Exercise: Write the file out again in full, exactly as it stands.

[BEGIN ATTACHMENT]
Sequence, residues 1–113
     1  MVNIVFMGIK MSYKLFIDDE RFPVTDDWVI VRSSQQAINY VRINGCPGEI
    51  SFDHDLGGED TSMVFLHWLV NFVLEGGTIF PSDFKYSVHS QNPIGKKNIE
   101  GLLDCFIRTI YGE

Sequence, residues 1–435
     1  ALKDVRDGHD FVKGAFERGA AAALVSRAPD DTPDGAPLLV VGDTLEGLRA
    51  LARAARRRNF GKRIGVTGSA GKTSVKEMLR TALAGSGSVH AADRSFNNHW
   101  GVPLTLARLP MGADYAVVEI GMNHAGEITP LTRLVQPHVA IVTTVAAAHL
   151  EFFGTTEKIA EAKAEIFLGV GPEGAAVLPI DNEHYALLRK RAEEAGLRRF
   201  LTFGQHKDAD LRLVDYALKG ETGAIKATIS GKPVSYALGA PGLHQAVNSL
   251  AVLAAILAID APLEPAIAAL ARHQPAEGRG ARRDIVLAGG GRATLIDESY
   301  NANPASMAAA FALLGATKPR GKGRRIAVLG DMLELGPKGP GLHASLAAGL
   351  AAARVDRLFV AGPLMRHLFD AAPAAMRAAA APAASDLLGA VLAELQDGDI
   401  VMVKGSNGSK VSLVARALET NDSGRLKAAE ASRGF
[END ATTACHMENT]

Sequence, residues 1–113
     1  MVNIVFMGIK MSYKLFIDDE RFPVTDDWVI VRSSQQAINY VRINGCPGEI
    51  SFDHDLGGED TSMVFLHWLV NFVLEGGTIF PSDFKYSVHS QNPIGKKNIE
   101  GLLDCFIRTI YGE

Sequence, residues 1–435
     1  ALKDVRDGHD FVKGAFERGA AAALVSRAPD DTPDGAPLLV VGDTLEGLRA
    51  LARAARRRNF GKRIGVTGSA GKTSVKEMLR TALAGSGSVH AADRSFNNHW
   101  GVPLTLARLP MGADYAVVEI GMNHAGEITP LTRLVQPHVA IVTTVAAAHL
   151  EFFGTTEKIA EAKAEIFLGV GPEGAAVLPI DNEHYALLRK RAEEAGLRRF
   201  LTFGQHKDAD LRLVDYALKG ETGAIKATIS GKPVSYALGA PGLHQAVNSL
   251  AVLAAILAID APLEPAIAAL ARHQPAEGRG ARRDIVLAGG GRATLIDESY
   301  NANPASMAAA FALLGATKPR GKGRRIAVLG DMLELGPKGP GLHASLAAGL
   351  AAARVDRLFV AGPLMRHLFD AAPAAMRAAA APAASDLLGA VLAELQDGDI
   401  VMVKGSNGSK VSLVARALET NDSGRLKAAE ASRGF